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Can J Surg. 1988 Nov;31(6):421-6.

Normoglycemia after implantation of purified islet cells in dogs.

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  • 1Department of Surgery, University of Alberta, Edmonton, Alta.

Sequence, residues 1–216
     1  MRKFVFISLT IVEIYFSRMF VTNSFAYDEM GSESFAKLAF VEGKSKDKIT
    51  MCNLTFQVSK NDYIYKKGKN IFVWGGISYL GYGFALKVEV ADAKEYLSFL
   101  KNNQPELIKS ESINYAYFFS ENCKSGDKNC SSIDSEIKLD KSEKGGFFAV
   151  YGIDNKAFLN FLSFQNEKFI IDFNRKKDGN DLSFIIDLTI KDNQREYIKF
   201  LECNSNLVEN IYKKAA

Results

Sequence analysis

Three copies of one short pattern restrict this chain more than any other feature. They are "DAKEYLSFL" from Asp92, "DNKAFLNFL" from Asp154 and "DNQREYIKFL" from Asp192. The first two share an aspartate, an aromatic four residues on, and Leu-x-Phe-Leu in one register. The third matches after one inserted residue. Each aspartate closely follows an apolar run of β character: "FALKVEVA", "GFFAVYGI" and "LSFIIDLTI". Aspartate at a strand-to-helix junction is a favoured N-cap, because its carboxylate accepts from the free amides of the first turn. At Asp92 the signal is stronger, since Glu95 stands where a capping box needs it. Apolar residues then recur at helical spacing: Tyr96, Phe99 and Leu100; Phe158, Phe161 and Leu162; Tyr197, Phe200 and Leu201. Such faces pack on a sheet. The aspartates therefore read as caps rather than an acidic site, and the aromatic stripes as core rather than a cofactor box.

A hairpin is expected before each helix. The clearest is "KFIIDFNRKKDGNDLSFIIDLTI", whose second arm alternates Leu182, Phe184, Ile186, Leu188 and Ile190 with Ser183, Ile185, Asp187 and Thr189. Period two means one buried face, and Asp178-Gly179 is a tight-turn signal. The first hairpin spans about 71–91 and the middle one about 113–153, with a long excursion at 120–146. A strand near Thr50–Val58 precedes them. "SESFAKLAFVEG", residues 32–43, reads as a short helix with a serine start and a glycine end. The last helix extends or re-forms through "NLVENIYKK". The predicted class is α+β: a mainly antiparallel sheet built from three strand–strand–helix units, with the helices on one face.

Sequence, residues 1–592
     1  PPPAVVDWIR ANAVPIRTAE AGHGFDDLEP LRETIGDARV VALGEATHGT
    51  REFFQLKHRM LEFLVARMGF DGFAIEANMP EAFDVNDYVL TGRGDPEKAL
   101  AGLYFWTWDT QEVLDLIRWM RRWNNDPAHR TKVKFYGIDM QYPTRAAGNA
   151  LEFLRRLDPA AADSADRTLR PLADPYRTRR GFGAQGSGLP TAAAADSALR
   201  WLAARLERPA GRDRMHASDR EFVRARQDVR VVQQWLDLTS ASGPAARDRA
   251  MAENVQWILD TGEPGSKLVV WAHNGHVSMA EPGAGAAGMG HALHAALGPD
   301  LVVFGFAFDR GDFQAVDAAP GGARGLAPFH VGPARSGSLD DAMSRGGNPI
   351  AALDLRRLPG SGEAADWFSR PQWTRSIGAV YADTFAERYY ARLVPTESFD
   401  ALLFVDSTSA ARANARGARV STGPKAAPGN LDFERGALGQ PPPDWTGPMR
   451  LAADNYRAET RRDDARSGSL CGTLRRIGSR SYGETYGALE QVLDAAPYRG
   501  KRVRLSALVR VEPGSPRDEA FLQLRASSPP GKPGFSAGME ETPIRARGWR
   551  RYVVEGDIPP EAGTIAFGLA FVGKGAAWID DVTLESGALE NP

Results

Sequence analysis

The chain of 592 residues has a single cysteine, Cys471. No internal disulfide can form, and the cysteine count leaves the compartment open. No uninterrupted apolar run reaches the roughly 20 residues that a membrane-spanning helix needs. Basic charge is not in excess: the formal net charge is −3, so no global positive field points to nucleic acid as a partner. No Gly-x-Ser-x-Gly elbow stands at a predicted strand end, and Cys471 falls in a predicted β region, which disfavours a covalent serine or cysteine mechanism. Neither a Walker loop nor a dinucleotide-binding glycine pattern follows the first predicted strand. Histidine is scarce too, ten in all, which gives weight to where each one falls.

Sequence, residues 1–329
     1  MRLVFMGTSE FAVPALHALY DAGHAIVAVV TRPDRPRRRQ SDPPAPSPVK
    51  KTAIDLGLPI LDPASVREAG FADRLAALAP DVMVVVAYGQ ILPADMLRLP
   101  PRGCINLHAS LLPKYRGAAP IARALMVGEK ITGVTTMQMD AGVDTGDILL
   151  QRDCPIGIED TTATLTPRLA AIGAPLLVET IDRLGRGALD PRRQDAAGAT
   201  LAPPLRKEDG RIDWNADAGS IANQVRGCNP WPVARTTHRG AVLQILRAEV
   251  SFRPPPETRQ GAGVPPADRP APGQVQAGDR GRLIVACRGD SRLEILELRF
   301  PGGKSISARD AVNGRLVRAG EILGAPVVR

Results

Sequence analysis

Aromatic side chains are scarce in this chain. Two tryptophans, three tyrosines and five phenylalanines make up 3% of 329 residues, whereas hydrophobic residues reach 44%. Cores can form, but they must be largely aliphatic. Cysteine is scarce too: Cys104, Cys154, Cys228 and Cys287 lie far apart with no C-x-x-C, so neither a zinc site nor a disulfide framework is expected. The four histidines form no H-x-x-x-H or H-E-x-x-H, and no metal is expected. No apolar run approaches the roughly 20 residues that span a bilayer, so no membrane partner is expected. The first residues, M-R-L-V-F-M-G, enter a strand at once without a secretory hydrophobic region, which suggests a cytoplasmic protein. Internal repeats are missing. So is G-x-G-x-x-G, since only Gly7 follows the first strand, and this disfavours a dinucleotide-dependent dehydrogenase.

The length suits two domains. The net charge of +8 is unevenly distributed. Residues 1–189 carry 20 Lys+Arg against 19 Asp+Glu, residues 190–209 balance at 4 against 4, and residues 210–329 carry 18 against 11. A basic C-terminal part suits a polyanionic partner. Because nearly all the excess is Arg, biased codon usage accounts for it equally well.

A major problem that limits the effectiveness of clinical trials of islet transplantation is the inability to isolate sufficient pure viable islets from a single pancreas. The authors have evaluated this problem, using dogs rendered diabetic by total pancreatectomy. An average of 123 +/- 11 X 10(3) highly purified islets (mean graft weight 0.75 +/- 0.1 g) were implanted as splenic allografts (seven dogs), splenic autografts (six dogs) or liver autografts (six). In the autograft recipients, fasting normoglycemia was maintained during follow-up to 10 months; onset of hyperglycemia was delayed in three liver recipients and one splenic autograft recipient at 1.5, 2, 8 and 10 months respectively. The K values (decline in glucose levels in %/min) during intravenous glucose tolerance testing were more than 1.0. Six recipients of allografts and cyclosporine (CsA) were normoglycemic when CsA trough serum levels were greater than 300 micrograms/L, although the fasting plasma glucose level was higher than that in autograft recipients. These data show that purified islets isolated from a large mammal will maintain fasting normoglycemia for prolonged periods after auto- or alloimplantation.

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